• CHALLENGE WHAT WE THINK WE KNOW ABOUT A PARTICULAR RACE, RELIGION, ETHNICITY & GROUP OF PEOPLE: Not all Persians are doctors, lawyers, landlords, insurance agents, rug store owners. Not all Middle Eastern people work in convenient stores. Our work title is not our identity. It is just a job and all people of different ethnicities will take any door that opens for them, so they can make money to live. People of all ethnicities have a pastime. Not all Middle Eastern people are linked to terrorism. There are good people of all religions. A good person is a good person and a criminal is a criminal. Do not single out a good person who looks different from you and make an example of scapegoating.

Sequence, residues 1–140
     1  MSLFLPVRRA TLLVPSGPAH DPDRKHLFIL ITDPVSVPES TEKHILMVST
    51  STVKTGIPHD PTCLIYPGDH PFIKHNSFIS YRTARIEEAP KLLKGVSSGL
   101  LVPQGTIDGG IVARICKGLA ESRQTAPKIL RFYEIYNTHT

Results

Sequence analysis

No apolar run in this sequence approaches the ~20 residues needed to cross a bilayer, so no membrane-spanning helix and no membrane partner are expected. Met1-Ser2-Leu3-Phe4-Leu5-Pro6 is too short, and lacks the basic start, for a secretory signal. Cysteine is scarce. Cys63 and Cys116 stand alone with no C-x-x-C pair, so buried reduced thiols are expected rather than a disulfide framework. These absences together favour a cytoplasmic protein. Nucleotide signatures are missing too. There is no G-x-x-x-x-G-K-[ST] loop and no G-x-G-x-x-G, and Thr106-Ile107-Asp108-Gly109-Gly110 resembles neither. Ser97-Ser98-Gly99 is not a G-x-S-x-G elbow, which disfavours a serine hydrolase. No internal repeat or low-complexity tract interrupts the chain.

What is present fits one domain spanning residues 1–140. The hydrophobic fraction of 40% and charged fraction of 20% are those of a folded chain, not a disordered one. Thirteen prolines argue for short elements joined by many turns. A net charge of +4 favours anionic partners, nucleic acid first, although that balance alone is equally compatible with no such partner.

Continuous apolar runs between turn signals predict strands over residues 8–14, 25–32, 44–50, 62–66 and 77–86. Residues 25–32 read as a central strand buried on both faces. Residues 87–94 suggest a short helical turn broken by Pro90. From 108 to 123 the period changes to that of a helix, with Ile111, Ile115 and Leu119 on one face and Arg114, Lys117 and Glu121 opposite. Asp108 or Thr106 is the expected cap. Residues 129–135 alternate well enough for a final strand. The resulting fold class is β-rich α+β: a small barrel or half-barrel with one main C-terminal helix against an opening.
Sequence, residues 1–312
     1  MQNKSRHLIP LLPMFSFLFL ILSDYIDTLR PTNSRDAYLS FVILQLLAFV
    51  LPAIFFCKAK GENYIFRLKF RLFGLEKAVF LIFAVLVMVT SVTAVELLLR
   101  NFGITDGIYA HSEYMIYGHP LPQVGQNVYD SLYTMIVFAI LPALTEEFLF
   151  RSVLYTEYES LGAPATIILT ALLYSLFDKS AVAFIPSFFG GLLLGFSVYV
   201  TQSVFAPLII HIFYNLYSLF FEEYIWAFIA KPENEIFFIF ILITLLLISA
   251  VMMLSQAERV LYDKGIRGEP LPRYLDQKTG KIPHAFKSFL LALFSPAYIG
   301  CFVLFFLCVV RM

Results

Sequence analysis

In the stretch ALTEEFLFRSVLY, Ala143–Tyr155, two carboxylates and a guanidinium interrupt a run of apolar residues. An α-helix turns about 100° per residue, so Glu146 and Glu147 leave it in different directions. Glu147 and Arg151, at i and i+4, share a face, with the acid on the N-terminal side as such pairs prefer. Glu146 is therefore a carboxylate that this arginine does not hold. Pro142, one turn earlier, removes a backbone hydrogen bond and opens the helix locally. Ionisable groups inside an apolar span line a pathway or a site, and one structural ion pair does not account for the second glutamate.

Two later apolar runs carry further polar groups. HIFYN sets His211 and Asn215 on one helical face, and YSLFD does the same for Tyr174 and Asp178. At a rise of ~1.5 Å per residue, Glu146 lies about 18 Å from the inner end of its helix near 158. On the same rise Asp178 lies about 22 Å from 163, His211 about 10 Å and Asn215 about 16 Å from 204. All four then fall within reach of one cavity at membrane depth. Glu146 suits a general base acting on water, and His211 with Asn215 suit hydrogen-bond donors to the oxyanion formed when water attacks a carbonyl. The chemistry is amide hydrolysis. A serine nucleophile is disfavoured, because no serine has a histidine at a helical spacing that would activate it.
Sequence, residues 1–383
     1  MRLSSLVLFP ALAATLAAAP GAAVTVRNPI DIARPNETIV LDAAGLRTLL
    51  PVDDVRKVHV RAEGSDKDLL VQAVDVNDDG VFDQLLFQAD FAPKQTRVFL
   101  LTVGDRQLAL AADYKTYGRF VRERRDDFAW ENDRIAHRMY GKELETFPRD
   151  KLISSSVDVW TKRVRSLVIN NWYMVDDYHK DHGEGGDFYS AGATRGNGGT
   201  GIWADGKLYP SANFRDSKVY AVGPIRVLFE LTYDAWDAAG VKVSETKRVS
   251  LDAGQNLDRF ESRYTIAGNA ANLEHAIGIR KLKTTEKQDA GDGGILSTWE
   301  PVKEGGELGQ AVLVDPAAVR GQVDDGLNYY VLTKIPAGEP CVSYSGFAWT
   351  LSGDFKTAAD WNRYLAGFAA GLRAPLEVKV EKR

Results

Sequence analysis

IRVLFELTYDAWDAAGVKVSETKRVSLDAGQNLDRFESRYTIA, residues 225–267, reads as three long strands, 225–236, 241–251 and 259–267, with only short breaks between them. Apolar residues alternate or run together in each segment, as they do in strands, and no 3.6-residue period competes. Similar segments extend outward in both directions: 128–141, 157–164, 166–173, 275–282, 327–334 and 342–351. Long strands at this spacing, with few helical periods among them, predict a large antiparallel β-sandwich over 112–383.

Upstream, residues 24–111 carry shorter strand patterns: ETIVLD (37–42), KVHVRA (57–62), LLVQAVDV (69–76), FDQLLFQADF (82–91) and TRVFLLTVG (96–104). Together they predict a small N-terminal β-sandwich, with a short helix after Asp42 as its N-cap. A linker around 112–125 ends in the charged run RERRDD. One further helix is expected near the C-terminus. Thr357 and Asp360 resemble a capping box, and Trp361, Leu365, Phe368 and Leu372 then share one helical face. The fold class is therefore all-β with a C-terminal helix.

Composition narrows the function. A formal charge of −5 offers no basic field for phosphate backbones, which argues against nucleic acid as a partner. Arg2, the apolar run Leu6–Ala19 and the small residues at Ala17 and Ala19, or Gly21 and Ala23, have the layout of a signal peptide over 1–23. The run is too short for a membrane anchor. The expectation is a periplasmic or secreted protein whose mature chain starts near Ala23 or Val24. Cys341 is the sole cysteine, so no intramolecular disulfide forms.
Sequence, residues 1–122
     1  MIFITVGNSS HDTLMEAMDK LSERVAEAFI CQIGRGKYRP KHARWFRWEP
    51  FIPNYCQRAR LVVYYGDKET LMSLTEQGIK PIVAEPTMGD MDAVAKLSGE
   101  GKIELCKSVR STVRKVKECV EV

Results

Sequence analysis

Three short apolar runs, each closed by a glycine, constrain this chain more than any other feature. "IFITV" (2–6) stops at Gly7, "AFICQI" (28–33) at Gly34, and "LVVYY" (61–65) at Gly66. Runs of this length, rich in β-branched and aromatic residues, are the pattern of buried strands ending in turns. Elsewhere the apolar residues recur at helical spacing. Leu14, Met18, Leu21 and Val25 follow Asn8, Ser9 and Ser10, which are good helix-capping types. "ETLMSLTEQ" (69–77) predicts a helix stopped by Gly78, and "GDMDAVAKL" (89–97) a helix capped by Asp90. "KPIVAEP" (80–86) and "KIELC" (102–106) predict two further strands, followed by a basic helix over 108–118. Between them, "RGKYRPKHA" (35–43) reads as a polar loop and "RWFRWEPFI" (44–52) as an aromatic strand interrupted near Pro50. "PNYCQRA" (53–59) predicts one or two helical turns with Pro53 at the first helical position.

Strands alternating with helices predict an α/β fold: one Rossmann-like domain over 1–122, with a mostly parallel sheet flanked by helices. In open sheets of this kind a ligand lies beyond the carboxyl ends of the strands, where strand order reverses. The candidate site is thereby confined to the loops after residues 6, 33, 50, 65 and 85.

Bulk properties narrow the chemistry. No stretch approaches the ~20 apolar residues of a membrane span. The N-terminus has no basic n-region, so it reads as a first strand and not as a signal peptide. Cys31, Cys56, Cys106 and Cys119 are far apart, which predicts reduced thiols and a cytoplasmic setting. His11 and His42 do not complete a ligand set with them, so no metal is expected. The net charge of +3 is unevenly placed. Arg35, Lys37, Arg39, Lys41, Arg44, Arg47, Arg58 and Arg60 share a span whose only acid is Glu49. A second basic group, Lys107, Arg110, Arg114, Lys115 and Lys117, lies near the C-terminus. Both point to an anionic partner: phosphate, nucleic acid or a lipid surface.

• MAKING SURE THAT ONE GENERATION MENTORS ANOTHER. THAT WE CREATE OPPORTUNITIES IN OUR COMMUNITIES: I was very fortunate to have a father, grandfather, older brothers and uncles as male figures in my life. They all raised me to be a man. However, I wanted to make art and they didn’t know how to help me because that was not their field. I didn’t have a mentor to show me the ropes. The filmmakers that were in the generation above me, were out of reach. I am the first person in my family to make a movie that achieved great success. I have an American-born nephew, who is very young. I hope one day when he’s older, he will see people who look like him achieve big goals, so it will give him the confidence and courage to strive for success. It’s important that we pave the way for each other.
  • WE NEED TO DISRUPT THIS IDEA THAT WHITE AMERICA IS THE “NORM”: First of all, I am just as American as someone, whose family has been in America since 1776. Second, the demographics in America are changing and we need to better reflect that demographic shift.